Tag: valve gates

Can Moldflow Predict Part Quality? (Part 1)

By Bozilla
September 2, 2022

This subject contains a significant amount of important information so it will be broken into two parts

Part 1: Can Moldflow Validate the Quality of Your Part?

The short answer is YES Validating your plastic injection molded part before it enters the field is the purpose for which the Moldflow software was created

A well trained and seasoned user of the Moldflow software should be able to take a part through the entire injection molding optimization process and validate each of the factors that will ensure the part meets the design criteria ie quality of the part

Injection molding design validation

For most parts, the criteria is very similar:

  • The part must meet design tolerances and must have minimal deflection/warpage
  • Weld lines must form in acceptable places or perhaps weld lines are not allowed on specified surfaces
  • Air traps must be kept to a minimum and/or be vented properly
  •  The process must have a large molding window so that any minor variations will not cause the part to fall out of specification
  •  The design of the part must meet injection molding standards (correct draft, not have any regions that are die-locked, must have correct thickness ratios, etc)
  • The design of the mold must allow for adequate filling and cooling along with many other criteria such as proper ejection (that will not deform the part) and so-on

Why is injection molded part failing


What happens if you believe your part design and process is optimized properly only to find out that it fails in the field?  This is a very common situation

The purpose of the Moldflow software is to mitigate such a situation I’ll explain

In order to understand if a part is going to be molded correctly, the analyst must utilize the software to correctly optimize, at a minimum, each one of the following points

1 Is the part filling at the right speed? 

It is critical to fill the part with the proper flow front velocity (screw velocity profile) As the cavity is filling, the flow front of the polymer can cool off or heat up; both of which are critical with regards to how much stress is imparted in the polymer as it fills Too much stress during the molding of the part can cause excessive post-molding stress relaxation and deflection

2 Is the feed system designed correctly? 

An improper feed system design can control cycle time or cause the pressure requirement to fill the cavity

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Valve Gates and Sequencing-for injection molding

By Bozilla
August 24, 2021

Valve Gates are invaluable as they relate to their primary design purpose and have many important functions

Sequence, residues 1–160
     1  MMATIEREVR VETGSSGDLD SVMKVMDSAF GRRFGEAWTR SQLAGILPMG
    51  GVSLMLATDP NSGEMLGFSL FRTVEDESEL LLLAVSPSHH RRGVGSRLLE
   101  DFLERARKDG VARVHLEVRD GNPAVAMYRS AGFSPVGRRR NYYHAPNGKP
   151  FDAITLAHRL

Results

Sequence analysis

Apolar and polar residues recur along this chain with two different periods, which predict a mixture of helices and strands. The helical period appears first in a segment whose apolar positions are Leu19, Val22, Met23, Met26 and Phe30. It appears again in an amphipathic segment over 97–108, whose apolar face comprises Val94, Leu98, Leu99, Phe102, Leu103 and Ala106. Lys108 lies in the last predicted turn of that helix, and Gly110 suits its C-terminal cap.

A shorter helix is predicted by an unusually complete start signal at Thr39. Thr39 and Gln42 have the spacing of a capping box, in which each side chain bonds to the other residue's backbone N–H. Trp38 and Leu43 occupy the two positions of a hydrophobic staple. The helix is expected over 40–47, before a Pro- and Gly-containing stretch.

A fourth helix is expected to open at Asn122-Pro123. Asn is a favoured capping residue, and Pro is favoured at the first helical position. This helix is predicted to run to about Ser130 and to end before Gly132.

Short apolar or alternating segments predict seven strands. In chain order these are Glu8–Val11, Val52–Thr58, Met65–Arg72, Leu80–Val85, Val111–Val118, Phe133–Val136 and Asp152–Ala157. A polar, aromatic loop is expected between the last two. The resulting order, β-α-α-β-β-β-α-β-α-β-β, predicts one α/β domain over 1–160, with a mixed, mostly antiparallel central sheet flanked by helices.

They can:

✔ Eliminate waste that cold runners create

✔ Eliminate vestige

✔ Be sequenced

✔ Eliminate weld lines

✔ Control filling patterns

However, users should be aware that there are a few potential issues that could come with using valve gates and sequencing

valve gates for injection molding

 Vestige v Witness Marks

Valve gates can minimize or completely remove vestige by direct gating on the part  They do leave witness marks on the part where the valve gate tip seats into the cavity but with proper grinding or surface finish, it can be minimized or completely hidden

 Controlling the Fill Pattern v Machine Stroke Programming

When multiple valve gates are used to fill a part, it may be necessary to time the sequencing in order to create a more uniform filling pattern  It is extremely important to understand that if the valve gates are sequenced, then the flow rate input must also match the demand of the feed system

For example: If your tool has four valve gates and you initially open two valve gates, then open the next two valve gates, the IM machine must deliver twice the flow rate when the two additional valve gates are opened in order to maintain equal flow rates through all nozzles in the feed system

If the machine stroke is not profiled to compensate for the flow rate demand, the properties of the polymer will change in the cavity due to different filling rates  This could translate into non-uniform shrinkage and stress which directly translates into warpage  It can also cause surface finish variations as shown in the picture below

Nozzle and machine pressure for injection molding

Cascade Sequencing (eliminate weld lines) v Machine Stroke Programming

If the intention is to sequence the valve gates as the flow front passes by in order to remove weld lines, then the same concerns arise if the machine stroke is not programmed to compensate for the additional flow rate demand as additional nozzles are opened

Cascade sequencing can also create back-flow and uneven packing along with uneven stress even if the machine stroke is profiled to compensate for flow rate

Cascade sequencing removes weld lines, therefore the potential problems that accompany it must be weighed  Cascade sequencing should be used as a last resort when trying to eliminate weld lines

Valve Pin Control

Hot runner manufacturers have now developed controllers to

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